Subprime Loans For Home Credit Gambling In India

“We have given up on trying to decode what Home Credit does,” said the founder of a company that helps non-bank lenders raise funds.

To be fair, there is nothing traditional about the way the eight-year-old Czech Republic-based Non-Bank Financial Corporation (NBFC) has built its lending business in India. Home Credit, who arrived in India in 2012, has lent money to nearly 10 million Indians since. Except that none of them would be served by risk averse banks or riskier fintechs.

The NBFC has loaned to those with a ‘CIBIL score’ below 600, as opposed to a good borrower with a score of 750 to 900. (A CIBIL score is a three-digit digital summary of their credit history). Transunion CIBIL, the largest credit bureau in the country, calls a score below 680 “subprime”. For banks, risk borrowers are the bottom of the barrel.

India has no shortage of borrowers. But lending to those who have never borrowed or have an unclear credit history is no joke. Companies have struggled to find the right business model to lend to this segment.

The Home Credit model is anathema to non-bank lenders in India. Here’s why:

  • It offers 0% interest rate to people looking to buy cell phones as cheap as Rs 10,000 ($ 139). Low cost loans come with too thin margins for most businesses.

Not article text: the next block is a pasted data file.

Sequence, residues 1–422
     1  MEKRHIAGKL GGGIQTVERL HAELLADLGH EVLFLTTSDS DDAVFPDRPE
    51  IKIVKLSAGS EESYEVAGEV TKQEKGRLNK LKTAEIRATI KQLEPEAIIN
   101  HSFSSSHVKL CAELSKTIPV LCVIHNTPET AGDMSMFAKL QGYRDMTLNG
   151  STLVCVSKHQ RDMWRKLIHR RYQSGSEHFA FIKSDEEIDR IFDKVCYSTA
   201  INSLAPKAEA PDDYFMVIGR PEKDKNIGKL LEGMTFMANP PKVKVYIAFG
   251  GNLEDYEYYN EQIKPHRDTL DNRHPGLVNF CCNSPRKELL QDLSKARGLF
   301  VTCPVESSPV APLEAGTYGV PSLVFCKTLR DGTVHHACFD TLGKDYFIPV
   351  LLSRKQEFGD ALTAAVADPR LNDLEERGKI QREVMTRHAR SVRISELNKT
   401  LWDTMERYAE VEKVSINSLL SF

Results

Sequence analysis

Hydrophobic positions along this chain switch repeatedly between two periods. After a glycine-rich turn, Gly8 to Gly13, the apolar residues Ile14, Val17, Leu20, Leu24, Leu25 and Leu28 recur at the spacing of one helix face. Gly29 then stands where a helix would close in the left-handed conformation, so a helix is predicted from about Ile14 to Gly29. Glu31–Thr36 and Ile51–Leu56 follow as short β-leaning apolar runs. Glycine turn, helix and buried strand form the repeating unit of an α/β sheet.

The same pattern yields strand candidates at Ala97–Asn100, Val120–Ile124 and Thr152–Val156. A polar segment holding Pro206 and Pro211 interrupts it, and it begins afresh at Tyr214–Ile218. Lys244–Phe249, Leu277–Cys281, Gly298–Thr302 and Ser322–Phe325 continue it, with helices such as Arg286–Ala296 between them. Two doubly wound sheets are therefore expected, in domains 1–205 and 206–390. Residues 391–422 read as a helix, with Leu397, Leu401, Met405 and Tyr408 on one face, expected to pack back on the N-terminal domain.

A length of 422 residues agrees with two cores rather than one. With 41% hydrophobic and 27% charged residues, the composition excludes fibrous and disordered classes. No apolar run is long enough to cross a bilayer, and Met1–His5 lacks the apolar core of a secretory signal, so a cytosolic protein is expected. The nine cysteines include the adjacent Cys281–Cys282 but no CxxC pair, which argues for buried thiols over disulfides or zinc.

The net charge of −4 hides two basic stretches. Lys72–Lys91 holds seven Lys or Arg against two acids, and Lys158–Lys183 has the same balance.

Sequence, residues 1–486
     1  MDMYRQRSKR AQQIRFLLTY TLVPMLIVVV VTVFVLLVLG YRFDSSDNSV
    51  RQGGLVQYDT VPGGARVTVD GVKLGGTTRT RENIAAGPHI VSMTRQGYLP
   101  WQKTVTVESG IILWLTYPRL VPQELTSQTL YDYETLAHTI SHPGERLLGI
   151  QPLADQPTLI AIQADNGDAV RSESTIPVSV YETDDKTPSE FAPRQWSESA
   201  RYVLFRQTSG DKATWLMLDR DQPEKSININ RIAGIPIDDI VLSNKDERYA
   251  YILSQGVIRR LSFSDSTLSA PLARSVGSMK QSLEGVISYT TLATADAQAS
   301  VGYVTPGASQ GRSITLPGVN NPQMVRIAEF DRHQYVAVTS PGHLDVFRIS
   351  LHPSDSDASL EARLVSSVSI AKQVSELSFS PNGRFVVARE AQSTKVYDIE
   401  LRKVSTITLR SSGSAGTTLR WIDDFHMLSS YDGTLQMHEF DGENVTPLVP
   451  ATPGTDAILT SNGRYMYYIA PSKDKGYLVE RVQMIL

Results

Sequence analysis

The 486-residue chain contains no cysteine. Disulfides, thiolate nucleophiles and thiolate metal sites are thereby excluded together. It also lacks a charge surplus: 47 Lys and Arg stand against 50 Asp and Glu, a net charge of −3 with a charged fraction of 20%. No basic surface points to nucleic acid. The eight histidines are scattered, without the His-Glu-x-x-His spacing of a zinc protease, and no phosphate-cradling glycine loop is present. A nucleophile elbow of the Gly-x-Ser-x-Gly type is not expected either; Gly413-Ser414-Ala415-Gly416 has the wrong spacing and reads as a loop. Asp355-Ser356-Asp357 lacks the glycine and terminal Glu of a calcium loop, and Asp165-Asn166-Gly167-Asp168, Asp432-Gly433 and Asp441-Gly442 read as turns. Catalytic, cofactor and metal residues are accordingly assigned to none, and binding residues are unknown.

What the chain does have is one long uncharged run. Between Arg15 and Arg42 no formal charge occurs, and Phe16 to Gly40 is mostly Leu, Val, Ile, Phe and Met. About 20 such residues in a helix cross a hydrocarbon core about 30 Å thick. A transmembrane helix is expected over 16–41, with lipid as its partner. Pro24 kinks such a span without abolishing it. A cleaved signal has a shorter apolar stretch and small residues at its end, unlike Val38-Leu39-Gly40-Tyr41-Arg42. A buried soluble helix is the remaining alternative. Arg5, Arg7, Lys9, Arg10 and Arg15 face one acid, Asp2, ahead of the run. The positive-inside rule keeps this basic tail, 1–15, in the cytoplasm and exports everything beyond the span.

• It charges an average interest rate of 30% going up to 55% compared to the industry average 15-26% for personal loans.
  • It has 8% gross non-performing assets, far more than the industry average of 3-5% non-repaying assets on time.

Also, Home Credit goes where even most online lenders wouldn’t, with the exception of Early Salary and KrazyBee payday lenders. “We would never lend to consumers below a score of 650,” said the founder of a consumer loan company, on condition of anonymity because he did not want to comment on competitors.

Despite this, the Czech company has built up a loan portfolio of Rs 8,200 crore ($ 1.1 billion) in India. In the fiscal year which ended in March 2019, it returned to profitability after eight years of losses. It also generated interest income of Rs 2,109 crore ($ 293 million) and profit of Rs 351 crore ($ 48.7 million). The previous year it showed a loss of Rs 327 crore ($ 45.4 million).

Of India’s 10 million home credit borrowers, 55% have no credit history, said Marko Carevic, marketing director of Home Credit India. The rest, he says, are those with credit histories. But most of them have a history of defaulting or late repayment of a loan. If their loan doesn’t go south, the business might end up finding a conscientious borrower.

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